Skip to main content

boost inference speed of T5 models by 5x & reduce the model size by 3x using fastT5.

Project description

fastt5 icon

Reduce T5 model size by 3X and increase the inference speed up to 5X.

GitHub Workflow PYPI release Workflow

T5 models can be used for several NLP tasks such as summarization, QA, QG, translation, text generation, and more. Sequential text generation is naturally slow, and for larger T5 models it gets even slower. fastT5 makes the T5 models inference faster by running it on onnxruntime. and it also decreases the model size by quantizing it.

fastT5 library allows you to convert a pretrained T5 model to onnx, quantizes it, and gives the model as output which is running on an onnxruntime in a single line of code. You can also customize this whole process.


You can install fastT5 from PyPI:

 pip install fastt5

If you want to build from source:

git clone
cd fastT5
pip3 install -e .


The export_and_get_onnx_model() method exports the given pretrained T5 model to onnx, quantizes it and runs it on the onnxruntime with default settings. The returned model from this method supports the generate() method of huggingface.

If you don't wish to quantize the model then use quantized=False in the method.

from fastT5 import export_and_get_onnx_model
from transformers import AutoTokenizer

model_name = 't5-small'
model = export_and_get_onnx_model(model_name)

tokenizer = AutoTokenizer.from_pretrained(model_name)
t_input = "translate English to French: The universe is a dark forest."
token = tokenizer(t_input, return_tensors='pt')

tokens = model.generate(input_ids=token['input_ids'],

output = tokenizer.decode(tokens.squeeze(), skip_special_tokens=True)

to run the already exported model use get_onnx_model()

you can customize the whole pipeline as shown in the below code example:

from fastT5 import (OnnxT5, get_onnx_runtime_sessions,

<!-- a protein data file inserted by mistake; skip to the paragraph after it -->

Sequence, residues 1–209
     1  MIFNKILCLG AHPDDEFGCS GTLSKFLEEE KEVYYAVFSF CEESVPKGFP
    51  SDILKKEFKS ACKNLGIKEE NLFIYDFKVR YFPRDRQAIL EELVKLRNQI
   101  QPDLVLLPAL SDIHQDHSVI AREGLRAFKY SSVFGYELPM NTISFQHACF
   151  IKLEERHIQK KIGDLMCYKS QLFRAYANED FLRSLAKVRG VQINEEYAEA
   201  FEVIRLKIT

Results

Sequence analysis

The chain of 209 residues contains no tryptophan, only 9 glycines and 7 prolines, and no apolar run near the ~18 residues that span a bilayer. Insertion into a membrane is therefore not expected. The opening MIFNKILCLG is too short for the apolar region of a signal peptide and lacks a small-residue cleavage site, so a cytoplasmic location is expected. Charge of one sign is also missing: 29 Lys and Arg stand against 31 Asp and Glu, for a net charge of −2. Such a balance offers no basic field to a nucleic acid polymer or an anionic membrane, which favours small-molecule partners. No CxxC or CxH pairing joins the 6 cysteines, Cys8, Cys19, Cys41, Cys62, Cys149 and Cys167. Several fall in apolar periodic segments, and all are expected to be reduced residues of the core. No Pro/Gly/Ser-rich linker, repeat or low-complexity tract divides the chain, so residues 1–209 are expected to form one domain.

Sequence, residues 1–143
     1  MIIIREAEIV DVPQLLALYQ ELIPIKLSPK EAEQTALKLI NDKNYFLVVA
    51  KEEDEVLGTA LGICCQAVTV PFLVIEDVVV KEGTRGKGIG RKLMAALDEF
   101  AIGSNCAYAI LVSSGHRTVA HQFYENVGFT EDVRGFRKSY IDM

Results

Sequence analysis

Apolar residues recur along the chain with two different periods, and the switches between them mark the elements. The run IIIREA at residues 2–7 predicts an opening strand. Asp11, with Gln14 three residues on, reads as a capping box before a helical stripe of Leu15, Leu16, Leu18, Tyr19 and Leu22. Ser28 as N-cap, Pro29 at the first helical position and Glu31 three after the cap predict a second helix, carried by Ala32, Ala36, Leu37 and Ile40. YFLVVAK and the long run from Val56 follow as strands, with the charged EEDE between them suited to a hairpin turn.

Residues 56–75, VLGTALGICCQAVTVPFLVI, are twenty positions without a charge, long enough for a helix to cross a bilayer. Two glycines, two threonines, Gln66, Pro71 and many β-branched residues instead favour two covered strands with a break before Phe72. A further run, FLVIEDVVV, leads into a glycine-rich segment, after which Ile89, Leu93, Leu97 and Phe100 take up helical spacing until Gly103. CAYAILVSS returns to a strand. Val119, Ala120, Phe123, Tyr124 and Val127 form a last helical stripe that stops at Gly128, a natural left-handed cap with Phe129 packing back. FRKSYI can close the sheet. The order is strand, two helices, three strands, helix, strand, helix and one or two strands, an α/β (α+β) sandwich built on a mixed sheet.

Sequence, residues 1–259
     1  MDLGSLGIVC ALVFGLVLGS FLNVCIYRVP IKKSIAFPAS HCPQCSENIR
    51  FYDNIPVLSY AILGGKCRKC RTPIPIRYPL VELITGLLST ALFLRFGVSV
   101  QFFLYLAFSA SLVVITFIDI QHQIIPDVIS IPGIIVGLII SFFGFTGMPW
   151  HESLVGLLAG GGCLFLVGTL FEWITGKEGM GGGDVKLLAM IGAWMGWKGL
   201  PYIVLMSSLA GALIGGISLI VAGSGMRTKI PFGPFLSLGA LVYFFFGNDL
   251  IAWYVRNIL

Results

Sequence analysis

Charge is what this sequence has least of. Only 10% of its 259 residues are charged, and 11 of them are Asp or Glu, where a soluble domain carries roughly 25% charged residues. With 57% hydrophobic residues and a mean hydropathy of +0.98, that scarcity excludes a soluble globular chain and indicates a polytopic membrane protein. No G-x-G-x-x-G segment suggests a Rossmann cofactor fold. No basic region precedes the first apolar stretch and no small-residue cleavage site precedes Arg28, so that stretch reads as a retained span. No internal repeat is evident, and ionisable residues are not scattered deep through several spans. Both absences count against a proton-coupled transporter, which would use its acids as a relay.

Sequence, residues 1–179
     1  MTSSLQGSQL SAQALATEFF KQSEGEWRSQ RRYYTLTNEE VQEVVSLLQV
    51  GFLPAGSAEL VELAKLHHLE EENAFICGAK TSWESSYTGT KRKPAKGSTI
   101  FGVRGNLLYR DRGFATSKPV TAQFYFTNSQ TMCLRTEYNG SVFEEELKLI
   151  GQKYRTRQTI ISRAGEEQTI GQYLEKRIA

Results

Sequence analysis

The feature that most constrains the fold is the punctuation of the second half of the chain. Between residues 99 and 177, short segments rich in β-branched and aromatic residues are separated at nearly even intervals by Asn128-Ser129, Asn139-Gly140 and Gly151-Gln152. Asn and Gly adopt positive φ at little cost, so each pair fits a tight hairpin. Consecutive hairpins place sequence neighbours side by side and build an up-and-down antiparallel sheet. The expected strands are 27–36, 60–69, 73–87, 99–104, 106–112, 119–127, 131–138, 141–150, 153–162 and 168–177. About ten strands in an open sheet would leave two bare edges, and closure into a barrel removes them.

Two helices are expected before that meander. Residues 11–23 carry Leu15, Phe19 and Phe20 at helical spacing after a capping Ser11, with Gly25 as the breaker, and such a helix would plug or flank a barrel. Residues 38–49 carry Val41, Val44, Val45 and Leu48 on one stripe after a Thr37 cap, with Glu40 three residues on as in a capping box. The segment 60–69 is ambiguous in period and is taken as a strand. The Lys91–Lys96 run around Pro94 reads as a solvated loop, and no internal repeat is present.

generate_onnx_representation, quantize)
from transformers import AutoTokenizer

model_or_model_path = 't5-small'

# Step 1. convert huggingfaces t5 model to onnx
onnx_model_paths = generate_onnx_representation(model_or_model_path)

# Step 2. (recommended) quantize the converted model for fast inference and to reduce model size.
quant_model_paths = quantize(onnx_model_paths)

# step 3. setup onnx runtime
model_sessions = get_onnx_runtime_sessions(quant_model_paths)

# step 4. get the onnx model
model = OnnxT5(model_or_model_path, model_sessions)

custom output paths

By default, fastT5 creates a models folder in the current directory and stores all the models. You can provide a custom path for a folder to store the exported models. And to run already exported models that are stored in a custom folder path: use get_onnx_model(onnx_models_path="/path/to/custom/folder/")

from fastT5 import export_and_get_onnx_model, get_onnx_model

model_name = "t5-small"
custom_output_path = "/path/to/custom/folder/"

# 1. stores models to custom_output_path
model = export_and_get_onnx_model(model_name, custom_output_path)

# 2. run already exported models that are stored in custom path
# model = get_onnx_model(model_name, custom_output_path)


T5 is a seq2seq model (Encoder-Decoder), as it uses decoder repeatedly for inference, we can't directly export the whole model to onnx. We need to export the encoder and decoder separately.

past_key_values contain pre-computed hidden-states (key and values in the self-attention blocks and cross-attention blocks) that can be used to speed up sequential decoding.

models can only be exported with a constant number of inputs. Contrary to this, the decoder of the first step does not take past_key_values and the rest of the steps decoders do. To get around this issue, we can create two decoders: one for the first step that does not take past_key_values and another for the rest of the steps that utilize the past_key_values.